2009 Orionid Meteor Shower Peak Begins

Victoria Jaggard
National Geographic News
October 20, 2009

Earth is currently plowing through space debris left behind by a visitor that last swung by during the Reagan Administration.

Spawned by Halley's comet, which last buzzed the planet in 1986, the tiny space rocks are the seeds of the annual Orionid meteor shower.

At its peak before sunrise Wednesday morning, the Orionids shower should produce 20 to 25 meteors an hour—a "relatively decent show," according to astronomer Anita Cochran, of the University of Texas at Austin's McDonald Observatory.

And don't worry if you miss the Wednesday peak: The Orionids are currently being created by a broad stream of debris, which means the best views should be available several nights around the peak, experts say.

Orionids' "Very Recognizable" Region

The Orionids are so named because the meteors appear to radiate from near the constellation Orion, aka the Hunter.

This easily spotted constellation "kind of looks like an hourglass with a very recognizable belt of stars," said astronomer Mark Hammergren of the Adler Planetarium in Chicago.

(Related: "Famous Star Is Shrinking, Puzzling Astronomers.")

In addition, "the constellation is visible from pretty much anywhere in the world, because it appears along a line of sight close to the Equator," he said.

How to See the Orionids

At this time of year, Orion rises at about 11 p.m. local time worldwide, so the best time to view the Orionids will be after midnight, Hammergren said.

According to Cochran, the 2009 Orionids shower will benefit from a moonless midnight sky.

A big, bright moon can make it hard to spot streaking meteors. But the moon will be new during this year's Orionids peak, she said, meaning it'll be dim and will dip below the horizon not long after sunset.

For the best views, Hammergren and Cochran both recommend going to a dark site away from city lights and allowing enough time for your eyes to adjust to seeing fainter objects in the sky.

"You don't need binoculars," Cochran added. "Just lie back in a reclining chair or on a blanket and enjoy the show."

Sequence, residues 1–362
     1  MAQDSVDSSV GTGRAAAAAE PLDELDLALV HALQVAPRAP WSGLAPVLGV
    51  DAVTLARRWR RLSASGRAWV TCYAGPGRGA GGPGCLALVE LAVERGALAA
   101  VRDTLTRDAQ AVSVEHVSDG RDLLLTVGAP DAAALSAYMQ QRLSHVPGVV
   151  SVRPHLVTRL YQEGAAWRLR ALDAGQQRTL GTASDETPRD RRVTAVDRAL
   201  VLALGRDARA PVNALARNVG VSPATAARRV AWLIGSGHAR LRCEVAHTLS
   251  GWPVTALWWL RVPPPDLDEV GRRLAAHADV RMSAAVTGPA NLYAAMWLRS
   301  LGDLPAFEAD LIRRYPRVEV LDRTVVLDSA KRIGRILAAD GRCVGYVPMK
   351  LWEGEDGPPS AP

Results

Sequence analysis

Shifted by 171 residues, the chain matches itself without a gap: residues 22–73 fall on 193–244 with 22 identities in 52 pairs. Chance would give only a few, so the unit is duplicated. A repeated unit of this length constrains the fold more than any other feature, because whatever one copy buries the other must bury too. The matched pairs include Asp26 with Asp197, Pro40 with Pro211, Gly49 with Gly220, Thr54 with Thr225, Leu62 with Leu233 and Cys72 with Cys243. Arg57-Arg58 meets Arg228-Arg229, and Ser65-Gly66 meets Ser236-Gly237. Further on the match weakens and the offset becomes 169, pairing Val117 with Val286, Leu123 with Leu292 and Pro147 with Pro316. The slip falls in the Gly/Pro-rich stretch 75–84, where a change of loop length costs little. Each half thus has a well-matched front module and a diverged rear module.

But dress warmly, Hammergren advised: "You always cool off more than you think you will just lying there—that's a lesson novice astronomers learn real fast!"

Orionid Meteor Shower's Famous "Parent"

The Orionid meteors are created by a band of small particles that circle through the solar system in the orbit of Halley's comet.

The comet is visible to the naked eye, and in the 1700s astronomer Edmond Halley was the first to correctly predict its return, calculating that the comet comes back every 76 years.

Later studies revealed historical sightings of Halley's comet—in circa-240 B.C. Chinese records and in medieval England's 11th-century Bayeux Tapestry, for example.

(Related pictures: "Sun Probe Spies New Periodic Comet.")

But it wasn't until the 1800s that astronomers noticed that some large groupings of "shooting stars" also appeared at regular intervals. Still later, those groupings were linked to comets.

The mass of a comet is basically a fifty-fifty combination of dirt and ice left over from when the planets were forming about 4.5 billion years ago, the McDonald Observatory's Cochran explained.

When a comet comes into the inner solar system—which includes Mercury, Venus, Earth, Mars, and the asteroid belt—the sun's heat turns some of the comet's ice into gas. Without the ice to hold them to the comet, some rocky fragments fall away.

"That stuff doesn't just disappear," Cochran said. "When Earth's orbit intersects with those dust streams, the particles hit the upper atmosphere, creating meteors."

No Orionid Clump

A fragment shed by a comet is usually no larger than a grain of sand. But sometimes those grains travel together in groupings, or clumps, which can be held together by gravity for hundreds of years, Adler's Hammergren added.

Since these clumps form when the comet is near the sun, Earth is most likely to hit them in years when the comet is once again close to the planet—resulting in a more spectacular meteor shower.

For example, next month astronomers expect Earth to pass through a clump of material left behind by comet Tempel-Tuttle, which might boost the annual Leonid meteor shower to produce as many as 500 meteors an hour.

But Halley's comet is now almost at its farthest point away from the sun, Hammergren said, so "I wouldn't expect a clump [for the Orionids] this year."

Still, he said, for fans of the famous space rock, the Orionids in any year are "a great chance to see a piece of Halley's comet in the sky."

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